When Russell Westbrook sits, his teammates fail miserably

Russell Westbrook thoroughly expressed himself during and after the Thunder’s loss to Houston on Sunday. (Photo by Sue Ogrocki/Associated Press)
BY TIM BONTEMPS

Washington Post

April 23, 2017

Russell Westbrook found himself at the podium in the bowels of Chesapeake Energy Arena on Sunday afternoon, a short time after he and his Oklahoma City Thunder teammates fell to within one loss of going home for the summer after a 113-109 victory for the Houston Rockets in Game 4 of their first-round playoff series.

This NBA season has, in so many ways, been dominated by Westbrook, from his chase to average a triple-double for the year to his propping up the Thunder in the wake of Kevin Durant’s departure before leading it back to the playoffs. Much more so, though, in Oklahoma City, where Westbrook’s status as the sole star remaining from the core that, five years ago, looked destined to win multiple championships, has made the guard the axis of the franchise’s existence.

So when Westbrook, seated next to center Steven Adams, heard venerable local columnist Berry Tramel ask Adams — the best interview on the entire team — about the team’s struggles without the guard on the floor, Westbrook decided to take the question for himself.

“I don’t want nobody to try and split us up,” Westbrook said, after advising Adams to “hold on.”

“We [are] all one team,” he continued. “Regardless, if I go to the bench, or Steven’s on the floor, or if I’m off the floor, we in this together. Don’t split us up. Don’t try to make us go against each other, try to make it ‘Russell and the rest of the guys,’ or ‘Russell against Houston.’ I don’t want to hear that. We’re in this together. We play as a team, and that’s all that matters, and that’s that.”

Westbrook then steamrolled further attempts at a follow up.

“That’s fine,” Westbrook said. “Then say, ‘Russell, you ain’t played well at all.’ Or say, ‘Russell, the team hasn’t played well.’ Don’t say, ‘When Russell goes out, the team doesn’t play well.’ It don’t matter. We’re in this together.”

Here’s the problem, though: The question was legitimate because it’s the reason Oklahoma City is about to exit the postseason early. It’s also the same reason Westbrook is almost certain to be named the NBA’s MVP.

In Game 4, Westbrook was plus-14 in his 40 minutes. In the eight he didn’t play, the Thunder was a minus-18 and got run off the court. It was a similar story in Game 2, when Westbrook was a plus-11 in 41 minutes while everyone else was a minus-15 when he sat.

It all comes back to the same narrative that has surrounded Westbrook, and his teammates, all season. Westbrook is doing this by himself, carrying the Thunder despite having little to no help around him.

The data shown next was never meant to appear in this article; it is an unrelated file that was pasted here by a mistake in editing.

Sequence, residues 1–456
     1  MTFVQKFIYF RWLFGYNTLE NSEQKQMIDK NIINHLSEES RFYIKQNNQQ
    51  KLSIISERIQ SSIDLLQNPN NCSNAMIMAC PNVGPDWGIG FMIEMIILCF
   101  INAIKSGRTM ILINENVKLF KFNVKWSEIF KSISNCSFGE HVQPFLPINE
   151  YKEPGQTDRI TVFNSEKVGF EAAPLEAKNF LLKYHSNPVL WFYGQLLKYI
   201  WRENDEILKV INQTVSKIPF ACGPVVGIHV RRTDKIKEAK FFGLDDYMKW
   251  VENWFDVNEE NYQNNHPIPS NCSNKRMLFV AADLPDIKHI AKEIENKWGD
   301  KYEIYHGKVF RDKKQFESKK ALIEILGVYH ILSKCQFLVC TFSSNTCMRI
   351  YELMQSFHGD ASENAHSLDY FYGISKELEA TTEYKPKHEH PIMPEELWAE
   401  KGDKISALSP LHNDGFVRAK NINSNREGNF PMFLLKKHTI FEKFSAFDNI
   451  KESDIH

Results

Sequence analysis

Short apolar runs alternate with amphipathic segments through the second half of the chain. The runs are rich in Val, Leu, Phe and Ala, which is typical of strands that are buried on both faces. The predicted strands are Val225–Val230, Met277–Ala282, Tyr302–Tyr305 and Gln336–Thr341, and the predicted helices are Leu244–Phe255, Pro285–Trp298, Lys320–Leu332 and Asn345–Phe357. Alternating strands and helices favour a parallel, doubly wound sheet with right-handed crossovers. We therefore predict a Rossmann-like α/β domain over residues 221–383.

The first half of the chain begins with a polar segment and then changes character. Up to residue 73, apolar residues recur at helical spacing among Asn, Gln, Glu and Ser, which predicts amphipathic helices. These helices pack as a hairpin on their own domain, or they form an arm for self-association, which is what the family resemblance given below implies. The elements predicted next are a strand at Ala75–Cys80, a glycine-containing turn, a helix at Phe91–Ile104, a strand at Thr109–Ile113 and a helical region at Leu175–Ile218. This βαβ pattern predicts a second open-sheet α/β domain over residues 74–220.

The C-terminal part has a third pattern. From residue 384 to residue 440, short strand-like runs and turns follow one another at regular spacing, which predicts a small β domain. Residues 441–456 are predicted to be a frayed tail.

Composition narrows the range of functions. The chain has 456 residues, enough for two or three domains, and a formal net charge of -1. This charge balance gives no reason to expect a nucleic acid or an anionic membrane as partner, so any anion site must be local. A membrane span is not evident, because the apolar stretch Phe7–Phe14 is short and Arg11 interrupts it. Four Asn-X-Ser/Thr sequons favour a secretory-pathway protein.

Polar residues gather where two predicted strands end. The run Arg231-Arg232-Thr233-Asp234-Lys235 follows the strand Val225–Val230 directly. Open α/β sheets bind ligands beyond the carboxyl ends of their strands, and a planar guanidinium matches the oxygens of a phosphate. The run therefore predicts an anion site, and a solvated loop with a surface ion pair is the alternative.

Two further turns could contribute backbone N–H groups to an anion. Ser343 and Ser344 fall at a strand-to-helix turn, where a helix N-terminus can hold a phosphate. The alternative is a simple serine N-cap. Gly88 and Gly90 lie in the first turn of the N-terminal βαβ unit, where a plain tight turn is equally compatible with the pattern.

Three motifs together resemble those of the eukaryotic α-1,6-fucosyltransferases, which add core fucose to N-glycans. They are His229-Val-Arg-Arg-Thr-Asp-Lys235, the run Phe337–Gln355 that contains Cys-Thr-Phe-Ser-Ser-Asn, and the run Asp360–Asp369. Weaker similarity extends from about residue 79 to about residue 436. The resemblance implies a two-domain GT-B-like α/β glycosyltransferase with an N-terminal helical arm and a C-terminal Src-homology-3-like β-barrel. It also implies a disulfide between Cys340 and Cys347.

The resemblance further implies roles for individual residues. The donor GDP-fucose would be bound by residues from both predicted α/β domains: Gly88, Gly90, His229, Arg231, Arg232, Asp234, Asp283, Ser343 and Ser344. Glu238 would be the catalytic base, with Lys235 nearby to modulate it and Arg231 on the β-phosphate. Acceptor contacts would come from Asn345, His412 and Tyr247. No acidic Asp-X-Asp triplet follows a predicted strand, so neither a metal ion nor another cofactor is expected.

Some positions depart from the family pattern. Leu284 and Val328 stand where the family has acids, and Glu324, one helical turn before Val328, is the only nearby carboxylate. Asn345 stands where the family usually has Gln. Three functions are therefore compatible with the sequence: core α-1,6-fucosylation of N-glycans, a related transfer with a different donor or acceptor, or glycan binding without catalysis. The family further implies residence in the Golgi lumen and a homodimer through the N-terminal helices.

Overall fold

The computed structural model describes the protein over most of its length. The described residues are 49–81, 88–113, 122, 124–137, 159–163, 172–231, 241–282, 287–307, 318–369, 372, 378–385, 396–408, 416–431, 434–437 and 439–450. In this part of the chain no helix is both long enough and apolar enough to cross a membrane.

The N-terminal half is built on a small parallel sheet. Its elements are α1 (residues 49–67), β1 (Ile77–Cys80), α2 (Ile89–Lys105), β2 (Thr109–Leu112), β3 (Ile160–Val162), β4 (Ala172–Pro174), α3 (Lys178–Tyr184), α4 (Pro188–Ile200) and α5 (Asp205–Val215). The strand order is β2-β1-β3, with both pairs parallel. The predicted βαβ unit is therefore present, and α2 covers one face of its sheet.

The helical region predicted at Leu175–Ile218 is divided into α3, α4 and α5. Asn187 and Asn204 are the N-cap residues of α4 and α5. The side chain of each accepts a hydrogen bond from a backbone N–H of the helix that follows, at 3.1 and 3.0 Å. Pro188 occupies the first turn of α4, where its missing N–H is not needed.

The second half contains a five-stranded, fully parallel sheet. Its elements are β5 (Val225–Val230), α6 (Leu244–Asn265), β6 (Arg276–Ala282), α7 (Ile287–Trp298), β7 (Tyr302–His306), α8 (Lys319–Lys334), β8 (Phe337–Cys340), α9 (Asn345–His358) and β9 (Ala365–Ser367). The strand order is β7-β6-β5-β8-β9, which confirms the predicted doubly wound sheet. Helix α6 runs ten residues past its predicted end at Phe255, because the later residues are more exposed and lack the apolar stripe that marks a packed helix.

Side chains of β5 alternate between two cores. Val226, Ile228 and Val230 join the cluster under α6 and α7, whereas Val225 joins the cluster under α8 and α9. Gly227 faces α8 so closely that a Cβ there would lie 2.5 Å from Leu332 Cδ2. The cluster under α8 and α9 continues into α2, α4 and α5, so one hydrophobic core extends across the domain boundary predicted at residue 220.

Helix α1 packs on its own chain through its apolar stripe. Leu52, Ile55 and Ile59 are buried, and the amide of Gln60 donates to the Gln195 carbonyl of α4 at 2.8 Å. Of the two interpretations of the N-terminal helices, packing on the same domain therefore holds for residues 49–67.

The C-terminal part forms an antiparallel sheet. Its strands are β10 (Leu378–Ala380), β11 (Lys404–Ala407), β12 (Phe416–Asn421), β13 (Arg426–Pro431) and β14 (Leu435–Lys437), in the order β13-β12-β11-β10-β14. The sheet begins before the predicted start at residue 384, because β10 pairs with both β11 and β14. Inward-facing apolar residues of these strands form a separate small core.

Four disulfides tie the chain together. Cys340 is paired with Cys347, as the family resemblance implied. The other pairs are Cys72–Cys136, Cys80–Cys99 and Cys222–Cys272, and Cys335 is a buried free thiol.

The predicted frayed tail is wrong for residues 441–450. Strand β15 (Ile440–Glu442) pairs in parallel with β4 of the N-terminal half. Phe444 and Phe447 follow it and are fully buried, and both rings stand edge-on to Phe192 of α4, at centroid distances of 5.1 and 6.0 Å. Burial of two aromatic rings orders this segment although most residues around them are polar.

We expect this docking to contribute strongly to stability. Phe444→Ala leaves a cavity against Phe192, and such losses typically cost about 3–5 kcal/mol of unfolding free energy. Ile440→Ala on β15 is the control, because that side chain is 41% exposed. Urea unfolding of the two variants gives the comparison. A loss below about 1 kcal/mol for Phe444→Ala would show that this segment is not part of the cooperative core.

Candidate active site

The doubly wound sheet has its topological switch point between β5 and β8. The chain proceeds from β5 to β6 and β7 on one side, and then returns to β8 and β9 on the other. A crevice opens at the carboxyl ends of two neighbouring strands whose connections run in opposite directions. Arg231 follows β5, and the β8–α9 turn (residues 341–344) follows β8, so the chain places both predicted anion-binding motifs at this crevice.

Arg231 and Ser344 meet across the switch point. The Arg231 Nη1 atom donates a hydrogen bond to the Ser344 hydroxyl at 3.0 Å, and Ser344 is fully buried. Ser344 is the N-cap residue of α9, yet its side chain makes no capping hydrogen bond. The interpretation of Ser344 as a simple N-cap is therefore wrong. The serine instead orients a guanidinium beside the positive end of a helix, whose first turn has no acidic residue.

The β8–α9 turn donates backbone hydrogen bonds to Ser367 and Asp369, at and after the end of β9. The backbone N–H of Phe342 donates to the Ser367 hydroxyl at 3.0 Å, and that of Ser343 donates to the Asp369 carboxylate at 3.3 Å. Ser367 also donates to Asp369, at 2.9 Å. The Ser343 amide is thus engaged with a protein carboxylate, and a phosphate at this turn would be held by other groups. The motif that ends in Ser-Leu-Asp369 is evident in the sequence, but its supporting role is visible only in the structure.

Westbrook feeds into this narrative with the way he plays. He was remarkable down the stretch this season, leading the Thunder to several dramatic comebacks with superhuman stretches of production. But when that approach doesn’t work, it can look like the end of Game 2, when he took an absurd 18 shots in the fourth quarter and shot the Thunder out of the game. Or like the final few minutes of Game 4, when he chucked up a couple of wild three-pointers inside the final few minutes as the Thunder tried to regain a lead it had coughed up with Westbrook on the bench earlier in the quarter.

This is the yin and yang of Westbrook, and why he has become the NBA’s version of a Rorschach test. Everything about him — including his postgame news conference — can be interpreted in multiple ways. For some, stepping in front of Adams to answer that question was a sign of leadership, of him lending some much-needed support with the Thunder on the brink of elimination. For others, it was an emasculation of Adams, a player who was given a $100 million contract extension before this season because he’s seen as a long-term fixture next to Westbrook who is perfectly capable of answering an eminently reasonable question.

Either way, the end result showed how Westbrook is fully in charge of everything that’s happening in Oklahoma City. And while he didn’t want to talk about his team’s struggles when he’s on the bench, it’s something Thunder Coach Billy Donovan has to address.

The first move should be to drop backup point guard Norris Cole from the rotation as Donovan already had done with Semaj Christon, and use Victor Oladipo as the team’s default ballhandler when Westbrook sits. Donovan also needs to leave Enes Kanter, whose issues on defense continue to be relentlessly exposed whenever he checks into a game, nailed to the bench.

But even if these moves are made, it will still be tough for the Thunder when Westbrook watches from the sidelines. That’s been the case throughout the season, often to Westbrook’s benefit. Sunday afternoon, however, he wasn’t having any of it and wasn’t letting Adams either. And this NBA season, both in Oklahoma City and throughout the league, continued to revolve around him.